What's different is that the girls aren't looking for and they don't want the usual fairy tale ending.  They also don't need to use their "feminine wiles" just to get ahead.  When they meet the guys, they don't go girly and most of the time, they're saving the guy's ass.  It's not that the guys are useless, I'd rather think of them as so secure in who they are that they don't need to prove themselves to the girls.  Which is very refreshing and non-existent in the books I read growing up.

I got Graceling in 2008 and The Hunger Games in 2009.  Although I prefer Graceling for now, I reserve final judgement after I get copies of Catching Fire and MockingJay; books 2 and 3 of The Hunger Games trilogy, respectively.  Fire, which I read early this year is more of a companion/prequel book to Graceling, so not really connected.  Although BitterBlue will be coming out next year, I think, so we'll see...

All I know is if I had a daughter in her tweens, these are must-reads.

16 September 2010

schizophrenia benefit

entomology 101

the lesson of the moth
By Don Marquis, in "archy and mehitabel," 1927

i was talking to a moth
the other evening
he was trying to break into
an electric light bulb
and fry himself on the wires

why do you fellows
pull this stunt i asked him
because it is the conventional
thing for moths or why
if that had been an uncovered
candle instead of an electric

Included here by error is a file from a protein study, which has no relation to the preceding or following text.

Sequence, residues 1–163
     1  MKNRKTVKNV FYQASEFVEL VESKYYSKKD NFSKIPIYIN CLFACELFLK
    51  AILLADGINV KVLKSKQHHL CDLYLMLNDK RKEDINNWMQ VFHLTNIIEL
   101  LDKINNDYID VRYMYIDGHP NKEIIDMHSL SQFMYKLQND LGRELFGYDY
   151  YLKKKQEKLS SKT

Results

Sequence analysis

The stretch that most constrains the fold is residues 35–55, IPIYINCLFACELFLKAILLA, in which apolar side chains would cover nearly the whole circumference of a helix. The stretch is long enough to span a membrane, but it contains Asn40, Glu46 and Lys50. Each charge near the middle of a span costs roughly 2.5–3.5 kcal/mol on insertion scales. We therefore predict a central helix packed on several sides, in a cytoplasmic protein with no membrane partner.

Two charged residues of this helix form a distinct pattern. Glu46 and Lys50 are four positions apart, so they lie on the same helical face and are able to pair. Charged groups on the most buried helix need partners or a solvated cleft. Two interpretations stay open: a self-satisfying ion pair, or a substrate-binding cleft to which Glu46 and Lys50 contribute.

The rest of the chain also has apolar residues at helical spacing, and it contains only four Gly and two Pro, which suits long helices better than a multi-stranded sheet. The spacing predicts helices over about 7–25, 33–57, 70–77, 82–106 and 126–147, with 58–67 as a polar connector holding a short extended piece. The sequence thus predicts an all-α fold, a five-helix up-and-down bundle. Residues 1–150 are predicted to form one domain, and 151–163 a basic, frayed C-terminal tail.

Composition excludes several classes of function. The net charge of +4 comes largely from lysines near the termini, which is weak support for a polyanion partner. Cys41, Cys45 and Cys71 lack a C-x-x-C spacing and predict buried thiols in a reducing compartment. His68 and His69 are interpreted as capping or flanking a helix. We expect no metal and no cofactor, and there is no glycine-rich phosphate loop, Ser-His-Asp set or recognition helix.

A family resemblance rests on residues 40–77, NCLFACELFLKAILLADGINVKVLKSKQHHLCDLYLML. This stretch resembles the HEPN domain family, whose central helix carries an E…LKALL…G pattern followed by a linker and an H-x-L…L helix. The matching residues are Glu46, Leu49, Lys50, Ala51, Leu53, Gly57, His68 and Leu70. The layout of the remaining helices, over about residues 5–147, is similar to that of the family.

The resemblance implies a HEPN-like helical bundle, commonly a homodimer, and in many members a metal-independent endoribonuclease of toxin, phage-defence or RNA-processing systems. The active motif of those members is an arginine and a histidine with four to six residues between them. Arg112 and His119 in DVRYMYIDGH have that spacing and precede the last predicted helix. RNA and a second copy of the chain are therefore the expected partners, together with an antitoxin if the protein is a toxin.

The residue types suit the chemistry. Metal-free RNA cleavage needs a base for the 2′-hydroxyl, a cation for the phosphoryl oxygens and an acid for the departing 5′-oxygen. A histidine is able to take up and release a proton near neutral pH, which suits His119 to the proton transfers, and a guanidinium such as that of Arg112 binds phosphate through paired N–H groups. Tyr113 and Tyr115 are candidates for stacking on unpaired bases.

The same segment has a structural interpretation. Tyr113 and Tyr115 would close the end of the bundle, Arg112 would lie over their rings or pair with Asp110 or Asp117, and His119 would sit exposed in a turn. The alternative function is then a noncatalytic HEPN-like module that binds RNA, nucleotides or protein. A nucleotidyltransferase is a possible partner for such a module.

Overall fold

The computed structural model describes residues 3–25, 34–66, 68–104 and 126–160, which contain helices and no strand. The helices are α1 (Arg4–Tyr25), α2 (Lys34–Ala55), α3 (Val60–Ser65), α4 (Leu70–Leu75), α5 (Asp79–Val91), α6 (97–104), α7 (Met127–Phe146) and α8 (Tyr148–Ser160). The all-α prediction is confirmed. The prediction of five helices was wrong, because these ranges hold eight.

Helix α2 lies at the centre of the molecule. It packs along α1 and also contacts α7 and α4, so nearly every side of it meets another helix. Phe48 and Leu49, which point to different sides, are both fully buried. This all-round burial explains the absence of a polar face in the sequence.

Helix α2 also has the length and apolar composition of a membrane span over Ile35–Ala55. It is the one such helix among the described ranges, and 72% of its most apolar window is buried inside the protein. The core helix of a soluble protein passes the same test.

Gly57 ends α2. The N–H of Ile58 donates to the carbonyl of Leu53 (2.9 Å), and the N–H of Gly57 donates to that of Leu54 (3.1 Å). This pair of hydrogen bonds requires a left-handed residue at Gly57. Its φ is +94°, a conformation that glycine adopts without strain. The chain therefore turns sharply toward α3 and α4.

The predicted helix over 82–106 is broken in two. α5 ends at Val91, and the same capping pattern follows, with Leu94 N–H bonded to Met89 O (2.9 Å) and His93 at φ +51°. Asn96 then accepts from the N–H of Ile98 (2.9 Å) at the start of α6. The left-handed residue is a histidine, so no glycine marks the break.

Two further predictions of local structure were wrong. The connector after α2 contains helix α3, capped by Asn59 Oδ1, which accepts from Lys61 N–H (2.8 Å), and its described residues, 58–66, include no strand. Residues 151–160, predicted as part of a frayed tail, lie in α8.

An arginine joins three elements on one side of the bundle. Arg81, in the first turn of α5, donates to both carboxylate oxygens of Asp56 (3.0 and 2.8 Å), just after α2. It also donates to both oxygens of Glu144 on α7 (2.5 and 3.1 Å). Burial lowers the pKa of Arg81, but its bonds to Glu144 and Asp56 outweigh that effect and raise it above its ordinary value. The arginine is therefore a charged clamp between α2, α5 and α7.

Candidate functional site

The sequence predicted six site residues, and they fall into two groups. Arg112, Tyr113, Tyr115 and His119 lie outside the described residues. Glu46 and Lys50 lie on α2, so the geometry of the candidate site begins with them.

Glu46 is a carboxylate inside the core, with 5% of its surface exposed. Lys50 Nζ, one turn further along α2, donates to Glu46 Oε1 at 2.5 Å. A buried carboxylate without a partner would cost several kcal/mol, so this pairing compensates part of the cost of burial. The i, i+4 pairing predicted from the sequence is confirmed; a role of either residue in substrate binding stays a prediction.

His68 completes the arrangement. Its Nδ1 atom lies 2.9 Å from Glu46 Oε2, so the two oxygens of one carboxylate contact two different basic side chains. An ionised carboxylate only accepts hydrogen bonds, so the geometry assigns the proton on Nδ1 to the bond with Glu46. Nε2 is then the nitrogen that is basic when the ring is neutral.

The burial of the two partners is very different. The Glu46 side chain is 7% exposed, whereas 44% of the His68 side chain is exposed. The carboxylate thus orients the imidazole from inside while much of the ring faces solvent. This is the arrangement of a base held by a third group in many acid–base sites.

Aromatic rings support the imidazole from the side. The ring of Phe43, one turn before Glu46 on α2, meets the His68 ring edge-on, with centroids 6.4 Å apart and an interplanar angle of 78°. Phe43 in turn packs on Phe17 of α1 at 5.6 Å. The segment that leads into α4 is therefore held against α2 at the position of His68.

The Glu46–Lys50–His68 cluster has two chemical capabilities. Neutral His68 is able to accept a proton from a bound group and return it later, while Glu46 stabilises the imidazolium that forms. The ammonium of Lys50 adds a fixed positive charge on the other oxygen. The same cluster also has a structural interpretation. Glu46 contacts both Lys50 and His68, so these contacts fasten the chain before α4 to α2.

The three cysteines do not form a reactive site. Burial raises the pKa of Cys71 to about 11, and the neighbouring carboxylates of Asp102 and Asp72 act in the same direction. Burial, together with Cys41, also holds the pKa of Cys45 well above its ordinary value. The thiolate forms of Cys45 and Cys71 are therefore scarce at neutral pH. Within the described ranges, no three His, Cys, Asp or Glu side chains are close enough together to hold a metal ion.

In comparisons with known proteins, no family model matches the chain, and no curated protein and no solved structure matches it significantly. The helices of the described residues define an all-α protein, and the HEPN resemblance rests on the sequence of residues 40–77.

light bulb you would
now be a small unsightly cinder
have you no sense

plenty of it he answered
but at times we get tired
of using it
we get bored with the routine
and crave beauty
and excitement
fire is beautiful
and we know that if we get
too close it will kill us
but what does that matter
it is better to be happy
for a moment
and be burned up with beauty
than to live a long time
and be bored all the while
so we wad all our life up
into one little roll
and then we shoot the roll
that is what life is for
it is better to be a part of beauty
for one instant and then cease to
exist than to exist forever
and never be a part of beauty
our attitude toward life
is come easy go easy
we are like human beings
used to be before they became
too civilized to enjoy themselves

and before i could argue him
out of his philosophy
he went and immolated himself
on a patent cigar lighter
i do not agree with him
myself i would rather have
half the happiness and twice
the longevity

but at the same time i wish
there was something i wanted
as badly as he wanted to fry himself


15 September 2010

misanthropy defined: wikipedia

While misanthropes express a general dislike for humanity on the whole, they typically have normal relationships with individual members of society. Misanthropy may be motivated by feelings of isolation or social alienation, or simply contempt for the perceived prevailing characteristics of humanity.

Misanthropy is commonly misinterpreted and distorted as a widespread and individualized hatred of humans. Because of this, a great number of false negative tie-ins are often associated with the term. An extreme misanthrope may indeed hate the human species generally, but it does not necessarily entail psychopathy. Misanthropes can hold normal and intimate relationships with people, but they will often be very few and far between. They will typically be very selective with whom they choose to associate. This is also where their aversion is most prevalent, because their perspective may show an overriding contempt towards common human faults and weaknesses in others and, in some cases, themselves.